Junk Bonds From Asia Beat Most Everything Else: Credit Weekly

Money managers including T. Rowe Price Group Inc. believe Asian junk dollar bonds have further to run after outperforming almost everything else in debt markets this year.

Bloomberg
First Published16 Jun 2024, 12:51 AM IST
Junk Bonds From Asia Beat Most Everything Else: Credit Weekly
Junk Bonds From Asia Beat Most Everything Else: Credit Weekly

(Bloomberg) -- Money managers including T. Rowe Price Group Inc. believe Asian junk dollar bonds have further to run after outperforming almost everything else in debt markets this year.

The notes have returned 9.8% year-to-date compared with about 3% for global speculative peers and losses across much of high-grade debt this year, Bloomberg indexes show. The outperformance is driven in part by a rebound in Chinese junk debt from record lows as authorities in Beijing throw their weight behind steps to pull the nation’s property market out of an unprecedented slump.

Junk bonds around the globe have been outperforming better-rated peers for most of this year. Stubbornly high inflation has held back central banks in many countries — most notably in the US — from cutting interest rates, even if falling Treasury yields this week buoyed bond markets in general. Speculative-grade Asian dollar bonds in particular have rallied, after trailing their global peers in the wake of record defaults on dollar debt by Chinese property developers.

“There continues to be appeal in high yield, including in Asia,” said T. Rowe Price’s Leonard Kwan, a portfolio manager of the firm’s dynamic EM bond markets strategy. The Asian debt has “attractive all-in yields, a shorter duration profile and is exposed to a stabilizing and solid growth outlook for China and India respectively.”   

At this point, Chinese junk bonds also contain a much smaller share of property debt, which as a sector was once the biggest seller of speculative-grade bonds in Asia until a government-orchestrated crackdown on leverage begun before the pandemic triggered record defaults. After handing investors a cumulative 50% loss between 2021 and 2023, the Chinese notes have returned about 9.7% this year, a Bloomberg index shows.     

“You can’t ignore emerging markets because there are segments of EM doing phenomenally well,” said Shamaila Khan, head of fixed income for emerging markets and Asia Pacific at UBS Asset Management. “We do like China high yield, also an out-of-consensus bet.”

Away from China, Vedanta Resources proved one of the best performers this year, with some of its dollar bonds climbing about 50% as the miner benefited from higher commodity prices and a deal with creditors to extend some maturities. Meanwhile, several sovereign Pakistani bonds have climbed more than 30% this year, as sentiment about the government’s ability to repay its debt improves.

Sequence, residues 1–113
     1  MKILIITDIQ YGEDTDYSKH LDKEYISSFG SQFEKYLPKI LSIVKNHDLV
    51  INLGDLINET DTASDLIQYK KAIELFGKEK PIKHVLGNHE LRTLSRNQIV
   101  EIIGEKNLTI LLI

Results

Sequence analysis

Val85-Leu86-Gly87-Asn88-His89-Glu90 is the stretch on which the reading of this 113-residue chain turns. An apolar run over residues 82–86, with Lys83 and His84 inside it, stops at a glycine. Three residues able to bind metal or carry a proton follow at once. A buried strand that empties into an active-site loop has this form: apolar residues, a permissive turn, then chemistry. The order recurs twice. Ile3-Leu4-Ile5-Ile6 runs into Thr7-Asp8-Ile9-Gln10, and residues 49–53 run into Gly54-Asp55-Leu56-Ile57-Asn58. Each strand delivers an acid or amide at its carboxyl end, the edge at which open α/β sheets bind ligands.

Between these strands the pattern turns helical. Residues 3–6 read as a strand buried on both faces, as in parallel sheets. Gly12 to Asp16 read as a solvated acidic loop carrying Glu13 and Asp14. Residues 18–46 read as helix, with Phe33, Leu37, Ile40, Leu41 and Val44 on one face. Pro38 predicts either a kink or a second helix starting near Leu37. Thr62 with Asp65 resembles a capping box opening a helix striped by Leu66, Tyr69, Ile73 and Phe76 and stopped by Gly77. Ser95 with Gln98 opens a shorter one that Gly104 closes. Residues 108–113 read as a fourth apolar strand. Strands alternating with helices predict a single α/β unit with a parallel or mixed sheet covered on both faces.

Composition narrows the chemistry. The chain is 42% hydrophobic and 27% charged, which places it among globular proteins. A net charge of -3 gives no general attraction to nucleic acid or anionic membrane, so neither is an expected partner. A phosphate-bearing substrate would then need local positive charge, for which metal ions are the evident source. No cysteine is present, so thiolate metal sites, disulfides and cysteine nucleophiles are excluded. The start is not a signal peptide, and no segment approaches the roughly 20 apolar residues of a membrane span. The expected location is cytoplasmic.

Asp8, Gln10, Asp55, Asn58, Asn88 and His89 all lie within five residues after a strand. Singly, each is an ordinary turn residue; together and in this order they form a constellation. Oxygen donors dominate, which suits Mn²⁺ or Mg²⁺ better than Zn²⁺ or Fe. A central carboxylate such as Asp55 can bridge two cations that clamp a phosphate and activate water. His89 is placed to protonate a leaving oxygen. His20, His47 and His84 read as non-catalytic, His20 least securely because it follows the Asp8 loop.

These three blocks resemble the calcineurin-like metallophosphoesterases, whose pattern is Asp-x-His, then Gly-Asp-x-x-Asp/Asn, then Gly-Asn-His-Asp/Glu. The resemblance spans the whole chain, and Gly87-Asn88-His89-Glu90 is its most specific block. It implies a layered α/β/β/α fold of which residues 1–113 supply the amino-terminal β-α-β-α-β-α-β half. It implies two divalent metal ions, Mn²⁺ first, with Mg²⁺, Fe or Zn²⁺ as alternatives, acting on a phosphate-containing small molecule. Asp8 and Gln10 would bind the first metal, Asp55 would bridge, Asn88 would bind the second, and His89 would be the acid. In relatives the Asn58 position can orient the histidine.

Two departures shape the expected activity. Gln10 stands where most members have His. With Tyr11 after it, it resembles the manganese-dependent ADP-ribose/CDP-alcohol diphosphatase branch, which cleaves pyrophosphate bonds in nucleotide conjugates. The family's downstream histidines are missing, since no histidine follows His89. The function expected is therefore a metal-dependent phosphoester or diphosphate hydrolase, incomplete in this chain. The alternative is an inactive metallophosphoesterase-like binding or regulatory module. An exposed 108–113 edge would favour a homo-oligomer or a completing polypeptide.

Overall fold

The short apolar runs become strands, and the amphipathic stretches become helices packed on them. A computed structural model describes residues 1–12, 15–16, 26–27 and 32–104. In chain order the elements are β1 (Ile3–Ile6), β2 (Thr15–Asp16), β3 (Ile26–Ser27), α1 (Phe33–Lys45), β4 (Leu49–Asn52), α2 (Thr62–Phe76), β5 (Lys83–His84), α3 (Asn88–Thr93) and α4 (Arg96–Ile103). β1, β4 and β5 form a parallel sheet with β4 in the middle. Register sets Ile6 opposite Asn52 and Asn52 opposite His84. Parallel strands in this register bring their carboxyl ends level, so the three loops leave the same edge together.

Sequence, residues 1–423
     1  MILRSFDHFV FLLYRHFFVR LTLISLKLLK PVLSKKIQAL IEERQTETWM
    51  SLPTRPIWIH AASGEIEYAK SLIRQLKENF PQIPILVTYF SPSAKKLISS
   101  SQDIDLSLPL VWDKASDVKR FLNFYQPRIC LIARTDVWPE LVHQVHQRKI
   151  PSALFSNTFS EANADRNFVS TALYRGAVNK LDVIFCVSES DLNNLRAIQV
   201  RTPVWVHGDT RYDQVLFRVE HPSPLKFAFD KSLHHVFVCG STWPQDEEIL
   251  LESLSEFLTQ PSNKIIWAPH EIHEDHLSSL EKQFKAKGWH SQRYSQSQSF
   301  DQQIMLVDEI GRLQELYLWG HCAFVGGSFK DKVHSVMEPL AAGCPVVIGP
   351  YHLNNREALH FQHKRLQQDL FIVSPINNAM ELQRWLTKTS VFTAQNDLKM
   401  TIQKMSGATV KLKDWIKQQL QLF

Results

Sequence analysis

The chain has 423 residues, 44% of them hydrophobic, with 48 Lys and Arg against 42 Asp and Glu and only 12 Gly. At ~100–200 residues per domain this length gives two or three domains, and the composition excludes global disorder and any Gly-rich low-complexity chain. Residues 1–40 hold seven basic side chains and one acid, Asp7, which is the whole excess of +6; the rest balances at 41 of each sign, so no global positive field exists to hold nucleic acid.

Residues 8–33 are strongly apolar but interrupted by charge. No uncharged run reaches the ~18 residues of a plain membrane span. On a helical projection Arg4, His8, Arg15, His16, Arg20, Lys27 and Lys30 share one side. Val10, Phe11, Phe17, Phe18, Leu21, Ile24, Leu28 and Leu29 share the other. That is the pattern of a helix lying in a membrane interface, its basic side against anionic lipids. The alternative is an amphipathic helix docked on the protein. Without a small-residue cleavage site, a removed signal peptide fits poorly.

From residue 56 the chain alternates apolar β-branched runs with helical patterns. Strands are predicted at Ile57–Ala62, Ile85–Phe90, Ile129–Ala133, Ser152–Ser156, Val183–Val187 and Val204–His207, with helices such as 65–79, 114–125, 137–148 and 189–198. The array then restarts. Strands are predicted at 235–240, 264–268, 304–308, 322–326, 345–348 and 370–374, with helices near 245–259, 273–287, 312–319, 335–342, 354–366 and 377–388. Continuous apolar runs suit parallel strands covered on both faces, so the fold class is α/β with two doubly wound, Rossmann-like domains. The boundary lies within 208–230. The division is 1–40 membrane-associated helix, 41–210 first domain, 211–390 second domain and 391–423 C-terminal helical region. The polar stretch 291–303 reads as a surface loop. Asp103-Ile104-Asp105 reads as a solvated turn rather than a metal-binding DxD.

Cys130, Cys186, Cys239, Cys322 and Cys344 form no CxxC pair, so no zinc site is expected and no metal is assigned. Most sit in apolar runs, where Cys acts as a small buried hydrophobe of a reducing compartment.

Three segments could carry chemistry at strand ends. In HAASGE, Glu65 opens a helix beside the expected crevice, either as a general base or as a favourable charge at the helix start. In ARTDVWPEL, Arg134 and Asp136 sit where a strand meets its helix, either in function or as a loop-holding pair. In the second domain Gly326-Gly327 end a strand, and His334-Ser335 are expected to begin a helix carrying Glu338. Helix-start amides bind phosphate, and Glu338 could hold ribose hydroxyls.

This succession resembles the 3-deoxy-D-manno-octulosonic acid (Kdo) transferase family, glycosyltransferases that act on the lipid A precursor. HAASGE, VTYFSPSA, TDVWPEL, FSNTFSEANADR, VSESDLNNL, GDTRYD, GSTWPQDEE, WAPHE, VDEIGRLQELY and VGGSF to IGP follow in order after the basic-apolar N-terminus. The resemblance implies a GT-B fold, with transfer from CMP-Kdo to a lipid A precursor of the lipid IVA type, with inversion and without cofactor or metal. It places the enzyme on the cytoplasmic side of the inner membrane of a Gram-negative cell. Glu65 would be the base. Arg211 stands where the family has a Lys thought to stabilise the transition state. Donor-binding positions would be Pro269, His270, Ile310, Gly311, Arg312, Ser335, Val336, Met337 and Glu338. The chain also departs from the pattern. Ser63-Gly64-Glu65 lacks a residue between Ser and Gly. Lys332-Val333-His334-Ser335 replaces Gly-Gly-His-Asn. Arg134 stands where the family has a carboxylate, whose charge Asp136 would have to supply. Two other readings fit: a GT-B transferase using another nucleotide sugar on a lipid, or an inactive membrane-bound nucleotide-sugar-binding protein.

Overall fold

Still, risks remain with some analysts saying that Chinese authorities need to do more to address the supply-demand mismatch in the housing market which has cast a shadow over the entire economy. Pakistan is also still struggling to recover and just raised taxes to bolster its chances of securing a new loan from the International Monetary Fund, which is critical for it to meet debt payments. 

With a large swathe of global fixed income generating losses this year, as the Federal Reserve holds rates on pause in the face of stubborn inflation, some investors such as Julio Callegari at JPMorgan Asset Management still favor Asian junk debt for earning income in a higher-for-longer environment.  

“There are still good opportunities in Asia high yield,” said Callegari, CIO of Asia Fixed Income at JPMorgan Asset Management, even without going into Chinese property debt. 

Excluding such bonds, the Asian credits still offer a “decent pick-up” of about 150 basis points versus developed-market high yield, he said.  

Click here to listen to Arcmont discussing private credit’s double-digit returns, which it says are here to stay.

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First Published:16 Jun 2024, 12:51 AM IST
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